I’m sitting here writing this to you on tenterhooks.
You see back on December 23, 2018, my colleague Shae Russell put out the following tweet:
‘The Prime Minister of Australia has urged Aussies to get out there & ‘spend’ before Christmas. That’s not normal. Alarm bells are ringing… My guess is consumer consumption data is looking worse and worse each month. Recession in 2019 or 2020?’
By the way if you want to follow Shae’s magnificent Twitter feed, just find her at @shaerussell.
I couldn’t resist.
I followed up with a tweet reply:
‘Won’t be a ‘technical recession’ but it’ll be alternate quarters of neg growth. 2019.’
Oh and by the way if you want to follow my witty, informative and sometimes crazy Twitter feed, you can find me at @techinsider_sv.
Our little thread continues on with Shae predicting consecutive quarters of negative growth starting in either Q3 or Q4 2019. I was a little more specific. I said negative growth in Q2, a tiny bit of growth in Q3, almost consecutive quarters of negative, but only just scraping through in the positive. And then another quarter of negative growth in Q4.
My view is that Australia would be in a recession, albeit not a technical one due to the lack of consecutive quarters of negative growth. This would allow politicians to crow about the strength of the economy.
The battle is likely to be long and protracted
But the reality is that the economy is struggling along. No matter which way you look at it, the Aussie economy is now reflective of our national ethos of being a true-blue Aussie battler.
And long term we will come out on top of it all. But the battle is likely to be long and protracted. Even more so if Australia’s Reserve Bank moves to ‘unconventional’ Monetary Policy, looking at quantitative easing, negative rates and other magic marvels of economic management.
But I bring this all up and the bet with Shae (winner gets a slab of beer) because this week the Q2 GDP growth (or lack thereof) statistics come in.
In other words, this is going to keep me alive in our little wager or knock me straight out from the get-go.
Some are saying that recent inventory statistics mean an unexpected negative growth rate. That’d do well for my prediction. Others are saying the numbers will be ‘soft’. That’s code for the number has declined from the previous quarter and previous year-on-year figure, but is still above 0.
That would knock me out.
However, amongst all the headlines about GDP and whether there is growth or no growth in the Aussie economy, let me ask you a simple question…
When GDP figures come out this week what does it really mean to you? What impact is it going to have on your week? On your month? On your year?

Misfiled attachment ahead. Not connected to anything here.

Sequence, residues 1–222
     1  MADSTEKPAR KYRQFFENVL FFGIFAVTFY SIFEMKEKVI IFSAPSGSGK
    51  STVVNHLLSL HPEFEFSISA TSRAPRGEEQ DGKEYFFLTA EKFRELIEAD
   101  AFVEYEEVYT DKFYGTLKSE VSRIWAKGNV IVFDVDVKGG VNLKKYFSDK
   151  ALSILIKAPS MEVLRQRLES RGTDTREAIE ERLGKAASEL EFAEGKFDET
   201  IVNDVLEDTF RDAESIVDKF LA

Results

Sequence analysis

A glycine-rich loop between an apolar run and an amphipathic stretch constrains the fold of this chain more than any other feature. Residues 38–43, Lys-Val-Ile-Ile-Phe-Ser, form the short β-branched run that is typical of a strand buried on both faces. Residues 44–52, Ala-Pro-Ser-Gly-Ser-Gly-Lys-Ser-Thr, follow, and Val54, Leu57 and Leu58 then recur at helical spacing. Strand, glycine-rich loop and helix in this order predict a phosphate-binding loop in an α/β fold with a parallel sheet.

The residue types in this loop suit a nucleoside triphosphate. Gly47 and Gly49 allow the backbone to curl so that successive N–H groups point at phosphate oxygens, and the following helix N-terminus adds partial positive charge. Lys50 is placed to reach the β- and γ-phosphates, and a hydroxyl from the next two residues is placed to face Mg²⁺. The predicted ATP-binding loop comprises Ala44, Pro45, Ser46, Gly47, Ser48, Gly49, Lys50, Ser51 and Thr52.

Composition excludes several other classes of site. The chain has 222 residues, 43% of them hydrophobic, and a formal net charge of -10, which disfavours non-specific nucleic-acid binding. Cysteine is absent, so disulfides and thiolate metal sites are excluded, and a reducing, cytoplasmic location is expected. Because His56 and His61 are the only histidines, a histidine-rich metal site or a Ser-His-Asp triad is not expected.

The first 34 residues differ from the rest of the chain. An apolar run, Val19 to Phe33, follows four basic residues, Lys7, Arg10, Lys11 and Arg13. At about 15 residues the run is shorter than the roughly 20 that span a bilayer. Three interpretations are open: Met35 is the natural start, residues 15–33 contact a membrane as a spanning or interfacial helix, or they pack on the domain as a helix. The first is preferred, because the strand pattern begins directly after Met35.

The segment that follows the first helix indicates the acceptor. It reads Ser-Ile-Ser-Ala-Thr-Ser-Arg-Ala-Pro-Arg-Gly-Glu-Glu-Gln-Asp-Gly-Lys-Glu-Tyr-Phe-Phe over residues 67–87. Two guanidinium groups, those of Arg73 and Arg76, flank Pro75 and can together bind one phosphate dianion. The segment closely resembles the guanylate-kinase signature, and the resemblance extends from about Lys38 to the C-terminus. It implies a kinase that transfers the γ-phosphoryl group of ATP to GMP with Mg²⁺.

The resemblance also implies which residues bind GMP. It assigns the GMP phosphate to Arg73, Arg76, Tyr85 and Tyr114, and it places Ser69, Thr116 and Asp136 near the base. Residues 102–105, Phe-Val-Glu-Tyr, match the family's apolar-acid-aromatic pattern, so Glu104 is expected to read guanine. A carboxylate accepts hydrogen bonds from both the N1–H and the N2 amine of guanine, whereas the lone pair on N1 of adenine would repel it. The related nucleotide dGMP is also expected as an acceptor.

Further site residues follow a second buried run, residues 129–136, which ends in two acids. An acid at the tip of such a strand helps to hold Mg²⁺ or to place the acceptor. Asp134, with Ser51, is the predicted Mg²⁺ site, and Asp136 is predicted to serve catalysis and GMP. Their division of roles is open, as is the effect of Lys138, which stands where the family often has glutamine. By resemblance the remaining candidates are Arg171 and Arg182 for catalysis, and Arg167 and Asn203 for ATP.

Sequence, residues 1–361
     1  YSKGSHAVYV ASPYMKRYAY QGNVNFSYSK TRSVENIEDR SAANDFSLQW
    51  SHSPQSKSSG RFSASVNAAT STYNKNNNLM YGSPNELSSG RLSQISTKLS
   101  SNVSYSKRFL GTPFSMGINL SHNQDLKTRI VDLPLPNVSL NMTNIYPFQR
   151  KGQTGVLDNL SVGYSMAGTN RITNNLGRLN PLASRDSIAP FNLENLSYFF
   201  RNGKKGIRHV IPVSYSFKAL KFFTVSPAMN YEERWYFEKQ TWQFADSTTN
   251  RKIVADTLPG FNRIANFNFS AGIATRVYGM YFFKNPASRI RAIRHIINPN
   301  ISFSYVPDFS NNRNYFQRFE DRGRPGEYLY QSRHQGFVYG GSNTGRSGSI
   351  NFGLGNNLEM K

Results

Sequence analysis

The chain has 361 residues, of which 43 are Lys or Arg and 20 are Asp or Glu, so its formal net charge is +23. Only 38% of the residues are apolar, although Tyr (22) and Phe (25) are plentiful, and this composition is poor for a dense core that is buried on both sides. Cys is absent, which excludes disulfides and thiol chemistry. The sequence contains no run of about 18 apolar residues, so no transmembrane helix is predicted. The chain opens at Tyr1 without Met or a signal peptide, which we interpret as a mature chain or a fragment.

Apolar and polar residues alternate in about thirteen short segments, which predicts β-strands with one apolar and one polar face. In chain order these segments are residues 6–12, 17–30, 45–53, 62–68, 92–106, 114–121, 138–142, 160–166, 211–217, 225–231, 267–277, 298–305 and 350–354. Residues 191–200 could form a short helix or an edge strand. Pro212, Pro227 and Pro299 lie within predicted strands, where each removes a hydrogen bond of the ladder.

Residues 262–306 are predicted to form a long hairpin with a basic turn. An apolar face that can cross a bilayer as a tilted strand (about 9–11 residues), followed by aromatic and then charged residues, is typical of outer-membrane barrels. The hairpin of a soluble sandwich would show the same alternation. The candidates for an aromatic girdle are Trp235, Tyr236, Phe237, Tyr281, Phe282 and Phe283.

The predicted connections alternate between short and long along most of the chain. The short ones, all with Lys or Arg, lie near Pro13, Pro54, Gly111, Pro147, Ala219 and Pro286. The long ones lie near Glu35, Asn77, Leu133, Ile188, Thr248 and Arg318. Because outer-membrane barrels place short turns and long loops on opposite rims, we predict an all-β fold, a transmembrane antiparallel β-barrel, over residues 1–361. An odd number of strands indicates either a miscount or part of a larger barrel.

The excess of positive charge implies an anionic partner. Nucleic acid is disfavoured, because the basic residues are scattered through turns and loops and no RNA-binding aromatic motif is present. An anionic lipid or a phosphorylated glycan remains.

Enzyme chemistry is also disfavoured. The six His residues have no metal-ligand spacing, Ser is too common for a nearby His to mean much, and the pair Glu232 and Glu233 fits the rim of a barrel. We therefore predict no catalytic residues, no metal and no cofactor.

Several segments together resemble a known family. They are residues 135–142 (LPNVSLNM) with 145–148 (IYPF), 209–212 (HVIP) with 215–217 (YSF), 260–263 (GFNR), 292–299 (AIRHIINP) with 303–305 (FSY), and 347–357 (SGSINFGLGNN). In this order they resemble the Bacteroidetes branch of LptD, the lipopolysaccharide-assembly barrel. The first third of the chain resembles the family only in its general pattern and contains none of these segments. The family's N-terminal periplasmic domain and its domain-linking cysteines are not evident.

Do you really feel these numbers and figures? Or are these really just an excuse for politicians to talk about something for a while? Is it just a smoke screen to distract you from the fact that it really means diddly squat to you right now?
I have another question. What impact will GDP numbers have on your investment strategy?
If GDP is good, bad or otherwise will you sell down all your shares? Will you hoard more cash, buy more gold, load up on risk or de-risk your portfolio? Or will you do nothing?
My guess is that whatever the GDP figures are, it won’t change anything about your portfolio. At least not yet.
And frankly, it shouldn’t.
What you won’t get from statistics
Statistics from the Australian Bureau aren’t going to help you decide on whether to invest in a brand new stock opportunity or not. They’re not going to outline for you the detail around the potential return that investing in cryptocurrency markets could deliver to you.
They won’t tell you about bitcoin’s role in modern portfolio theory. They won’t tell you about how the world of fintech, neo banks, and alternative financial systems are set to revolutionise global finance.
It’s not going to uncover the breakthroughs around the world from autonomous machines to machine communications to transhumanism and the augmentation of biology and bionics.
These are all the kinds of global opportunities that don’t give a stuff about GDP. They are the kinds of technology and investment trends that supersede the importance of quarterly economic statistics.
They are all investments that allow you to ride through recessions, that present opportunity in bear markets. And open up revolutionary gains when things turn around and are flying again.
Mark my words, Australia, Europe, the UK, the US, China, and Asia could all head into recession and there will still be investment ideas and opportunities to make money from.
That’s what you need to focus on as an investor. While the headlines spout out numbers at you that you should care about, you need to turn the other eye. You instead should focus on where the openings are to make money while everyone else is distracted from the noise.
And that’s exactly where we come into play. In tumultuous markets we’ve seen stock returns and cryptocurrency returns all in excess of 1,000%. Heck, I’ve recommended several of them to my subscribers.
There is money to be made if you know where to look. The only thing you should care about this week when you hear the GDP number is whether or not I’m getting a slab out of it.
Editor, Money Morning
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